Iraqi importers are expected by their wholesale customers to personally vouch for the authenticity of the products they are distributing. To do this, they request not only personal introductions to U.S.-based sales representatives, but also in-person tours of manufacturing facilities where the products they intend to purchase are made. This allows them, when meeting with their wholesale customers in Iraq, to attest to the fact that they went to the U.S. and personally witnessed the products being manufactured, purchased the items on-site, and oversaw their shipping back to Iraq for distribution. This level of chain-of-custody asks a lot from the importer, but the premium in cost is more than worth it to customers who are unable to move products that are notoriously inauthentic and unreliable.

Unfortunately, the business models of major U.S. corporations are not used to these requests, and not particularly amenable to them. Since companies that operate internationally have regional distribution hubs, they expect regional sales to go through their respective sales funnels. Requests made that circumvent those systems are, through bureaucratic reflex, simply redirected back to the regional hubs. Requests to operate outside that system are categorically rejected with statements such as, “We [US-based distributors] can’t sell to Iraqis, they have to purchase from Middle East regional distributors.” In some cases, when I’ve asked for in-person product demonstrations for Iraqi importers visiting the US, requests were denied outright, and referred back to the regional funnel. To make matters worse, even some Middle East-based distributors of US companies are not willing to sell products to Iraqi purchasers because “Iraq is not on our priority list currently.”

The causes for such a categorically negative response to the prospect of developing long-standing orders of wholesale quantities of goods is multi-faceted. First, U.S. companies are not aware of the size of Iraq’s market and its recent rampant economic development. The question of why corporations are not aware is complex and a matter for another article. For now, it’s enough to state that, unlike Chinese, Iranian, and other Western corporations, American corporations are not paying attention to the fact that Iraq’s economy is developing extremely quickly. The competition for influence in Iraq has, for the past several decades, been militaristic, and characterized by weapons flowing into the country from regional and global powers. However, for the past several years, this competition has shifted dramatically, and is now largely economic. In addition to, though not yet in place of weapons, billions of dollars are flowing into the country annually in order to purchase influence through economic development.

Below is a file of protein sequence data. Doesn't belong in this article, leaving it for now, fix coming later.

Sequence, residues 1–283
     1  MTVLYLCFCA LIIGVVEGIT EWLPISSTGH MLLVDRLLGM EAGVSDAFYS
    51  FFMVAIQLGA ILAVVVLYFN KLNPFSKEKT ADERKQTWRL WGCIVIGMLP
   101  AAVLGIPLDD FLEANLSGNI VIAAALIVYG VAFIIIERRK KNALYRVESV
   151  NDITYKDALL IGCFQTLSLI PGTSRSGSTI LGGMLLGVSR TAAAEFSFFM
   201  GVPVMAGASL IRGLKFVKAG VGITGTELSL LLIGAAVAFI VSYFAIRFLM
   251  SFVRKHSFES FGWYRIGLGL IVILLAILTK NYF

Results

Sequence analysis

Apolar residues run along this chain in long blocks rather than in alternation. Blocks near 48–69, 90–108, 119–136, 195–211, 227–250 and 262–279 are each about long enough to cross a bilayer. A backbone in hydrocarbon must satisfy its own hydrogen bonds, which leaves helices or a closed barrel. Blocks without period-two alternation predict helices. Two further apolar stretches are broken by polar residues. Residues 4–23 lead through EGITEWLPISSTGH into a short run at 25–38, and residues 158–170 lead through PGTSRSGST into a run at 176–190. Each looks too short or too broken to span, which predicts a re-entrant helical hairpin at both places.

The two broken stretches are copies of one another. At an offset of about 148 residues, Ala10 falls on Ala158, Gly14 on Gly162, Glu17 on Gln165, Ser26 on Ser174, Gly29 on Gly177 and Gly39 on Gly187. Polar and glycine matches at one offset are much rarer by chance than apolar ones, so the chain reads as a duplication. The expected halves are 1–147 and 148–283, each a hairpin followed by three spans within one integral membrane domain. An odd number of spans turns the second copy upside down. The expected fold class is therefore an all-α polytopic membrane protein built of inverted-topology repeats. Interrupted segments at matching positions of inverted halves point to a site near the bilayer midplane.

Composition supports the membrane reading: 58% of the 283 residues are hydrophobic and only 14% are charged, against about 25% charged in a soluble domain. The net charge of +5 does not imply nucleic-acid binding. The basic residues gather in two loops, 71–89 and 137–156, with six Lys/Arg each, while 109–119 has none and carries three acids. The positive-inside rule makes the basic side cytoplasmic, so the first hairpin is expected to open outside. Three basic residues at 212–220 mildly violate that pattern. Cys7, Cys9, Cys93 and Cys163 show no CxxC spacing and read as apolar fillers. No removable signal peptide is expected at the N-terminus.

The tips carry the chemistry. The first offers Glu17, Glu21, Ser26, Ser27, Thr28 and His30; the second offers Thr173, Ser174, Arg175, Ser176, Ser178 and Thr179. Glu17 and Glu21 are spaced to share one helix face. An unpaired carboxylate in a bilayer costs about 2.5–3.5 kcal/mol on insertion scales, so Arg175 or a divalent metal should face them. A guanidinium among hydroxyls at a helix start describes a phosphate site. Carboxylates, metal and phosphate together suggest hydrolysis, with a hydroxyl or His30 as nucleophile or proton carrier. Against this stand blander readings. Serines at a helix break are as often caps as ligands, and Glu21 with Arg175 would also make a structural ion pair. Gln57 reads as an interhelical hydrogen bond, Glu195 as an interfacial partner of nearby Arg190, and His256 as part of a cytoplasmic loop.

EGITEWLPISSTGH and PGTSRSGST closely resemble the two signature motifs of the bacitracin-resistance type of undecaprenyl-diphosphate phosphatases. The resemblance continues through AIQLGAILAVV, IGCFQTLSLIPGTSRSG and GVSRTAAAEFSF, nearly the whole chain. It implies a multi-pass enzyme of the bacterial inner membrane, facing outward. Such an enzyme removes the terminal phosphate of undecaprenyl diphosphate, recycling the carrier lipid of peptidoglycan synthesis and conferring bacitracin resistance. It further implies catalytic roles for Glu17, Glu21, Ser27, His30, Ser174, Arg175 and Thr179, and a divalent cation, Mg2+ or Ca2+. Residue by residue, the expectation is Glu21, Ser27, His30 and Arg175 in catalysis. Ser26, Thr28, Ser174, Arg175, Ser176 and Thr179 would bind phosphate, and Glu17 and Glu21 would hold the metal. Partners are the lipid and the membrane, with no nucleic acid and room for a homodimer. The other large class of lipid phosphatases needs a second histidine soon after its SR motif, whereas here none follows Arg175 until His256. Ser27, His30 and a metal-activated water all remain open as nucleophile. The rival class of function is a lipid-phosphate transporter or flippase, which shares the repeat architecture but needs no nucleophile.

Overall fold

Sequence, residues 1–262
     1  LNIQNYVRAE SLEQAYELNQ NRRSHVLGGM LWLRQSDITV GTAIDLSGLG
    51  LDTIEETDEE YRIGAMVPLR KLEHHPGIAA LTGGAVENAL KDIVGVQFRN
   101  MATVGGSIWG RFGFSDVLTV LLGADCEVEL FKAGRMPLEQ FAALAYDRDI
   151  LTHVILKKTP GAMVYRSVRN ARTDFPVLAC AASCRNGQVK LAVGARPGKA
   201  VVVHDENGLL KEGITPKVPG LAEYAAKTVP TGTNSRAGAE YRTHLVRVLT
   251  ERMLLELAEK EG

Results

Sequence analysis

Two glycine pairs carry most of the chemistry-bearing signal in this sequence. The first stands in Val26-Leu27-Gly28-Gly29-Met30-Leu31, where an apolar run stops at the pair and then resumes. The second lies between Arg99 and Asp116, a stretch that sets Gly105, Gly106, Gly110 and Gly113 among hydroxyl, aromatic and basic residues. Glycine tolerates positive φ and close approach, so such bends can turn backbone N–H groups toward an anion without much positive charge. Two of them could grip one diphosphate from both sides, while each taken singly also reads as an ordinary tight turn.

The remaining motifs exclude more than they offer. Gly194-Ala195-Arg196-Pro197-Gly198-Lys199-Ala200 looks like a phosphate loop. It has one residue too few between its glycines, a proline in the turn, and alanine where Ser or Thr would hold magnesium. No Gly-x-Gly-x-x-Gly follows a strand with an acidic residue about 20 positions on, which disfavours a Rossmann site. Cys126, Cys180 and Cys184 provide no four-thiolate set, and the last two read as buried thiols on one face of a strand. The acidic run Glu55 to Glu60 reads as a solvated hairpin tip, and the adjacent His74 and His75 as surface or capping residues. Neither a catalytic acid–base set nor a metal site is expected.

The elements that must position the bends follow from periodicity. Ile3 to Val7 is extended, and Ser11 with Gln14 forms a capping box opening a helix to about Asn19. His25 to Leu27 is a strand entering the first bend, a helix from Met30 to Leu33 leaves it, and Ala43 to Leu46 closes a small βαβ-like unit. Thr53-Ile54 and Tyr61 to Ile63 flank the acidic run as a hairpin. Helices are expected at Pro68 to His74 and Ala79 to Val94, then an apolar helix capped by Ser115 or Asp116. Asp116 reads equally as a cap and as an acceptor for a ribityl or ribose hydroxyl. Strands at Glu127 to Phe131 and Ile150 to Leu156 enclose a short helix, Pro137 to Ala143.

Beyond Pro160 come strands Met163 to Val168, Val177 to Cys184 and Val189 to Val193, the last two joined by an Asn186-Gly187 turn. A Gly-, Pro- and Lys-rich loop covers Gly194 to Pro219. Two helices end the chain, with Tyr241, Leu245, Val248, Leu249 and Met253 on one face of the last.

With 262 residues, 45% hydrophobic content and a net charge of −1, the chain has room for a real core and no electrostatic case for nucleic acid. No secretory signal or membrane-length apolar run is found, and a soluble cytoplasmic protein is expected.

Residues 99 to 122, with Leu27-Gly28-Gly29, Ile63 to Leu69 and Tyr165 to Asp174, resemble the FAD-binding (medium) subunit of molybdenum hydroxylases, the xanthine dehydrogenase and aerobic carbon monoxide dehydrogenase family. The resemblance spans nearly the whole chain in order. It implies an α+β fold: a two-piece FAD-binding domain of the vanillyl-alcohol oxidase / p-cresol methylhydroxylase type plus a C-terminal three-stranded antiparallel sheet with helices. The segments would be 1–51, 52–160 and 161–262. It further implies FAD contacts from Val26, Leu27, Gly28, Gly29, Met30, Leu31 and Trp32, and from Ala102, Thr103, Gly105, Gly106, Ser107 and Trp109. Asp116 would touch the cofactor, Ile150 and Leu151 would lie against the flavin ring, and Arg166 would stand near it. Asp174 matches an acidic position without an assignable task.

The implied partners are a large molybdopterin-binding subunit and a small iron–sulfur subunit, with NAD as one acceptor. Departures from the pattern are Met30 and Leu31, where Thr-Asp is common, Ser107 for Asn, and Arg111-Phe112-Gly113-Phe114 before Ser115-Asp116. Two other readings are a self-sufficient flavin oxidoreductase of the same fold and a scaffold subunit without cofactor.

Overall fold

Second, U.S. companies are too bureaucratized. Sales representatives, and even sales executives, do not have the authority to change strategy. If their job is to sell to specific types of customers based on geography, for example, and one from outside that pipeline approaches them, they are not entrusted to take the initiative to make decisions on their own. They might be willing to bring the prospect to the strategy-making body, but that decision cannot be made swiftly. As a result, they are not willing to increase their market share in this way. Business-to-business sales processes take time because compliance departments must vet customers, products need to be demonstrated, terms need to be negotiated, and so on. Refusing to get that process started, and categorically rejecting the possibility of an exploratory conversation with wholesale importers is extremely short-sighted from an economic standpoint. It also has significant geopolitical implications.

Iraqi businesses are trying to hand the U.S. economic and political influence on a silver platter. Up until this point, China and Iran have enjoyed such influence. Now, the Iraqi market is asking the U.S. to replace them. Politics follows economics and not the other way around. So, forget policy recommendations. This is something US corporations can and should take on. Suppliers of electronics equipment, pharmaceutical and medical supplies, industrial machinery, and telecommunications systems should make lists of all the obstacles stopping them from accepting standing orders of several shipping crates per purchase per month. Then, throw out the list and do some business.

Author

  • Steven Terner

    Steven Terner is an advisor at Gulf State Analytics, a Washington-DC based geopolitical risk consultancy. He runs Iranian Economic News, a website that analyzes Iran’s domestic economic issues.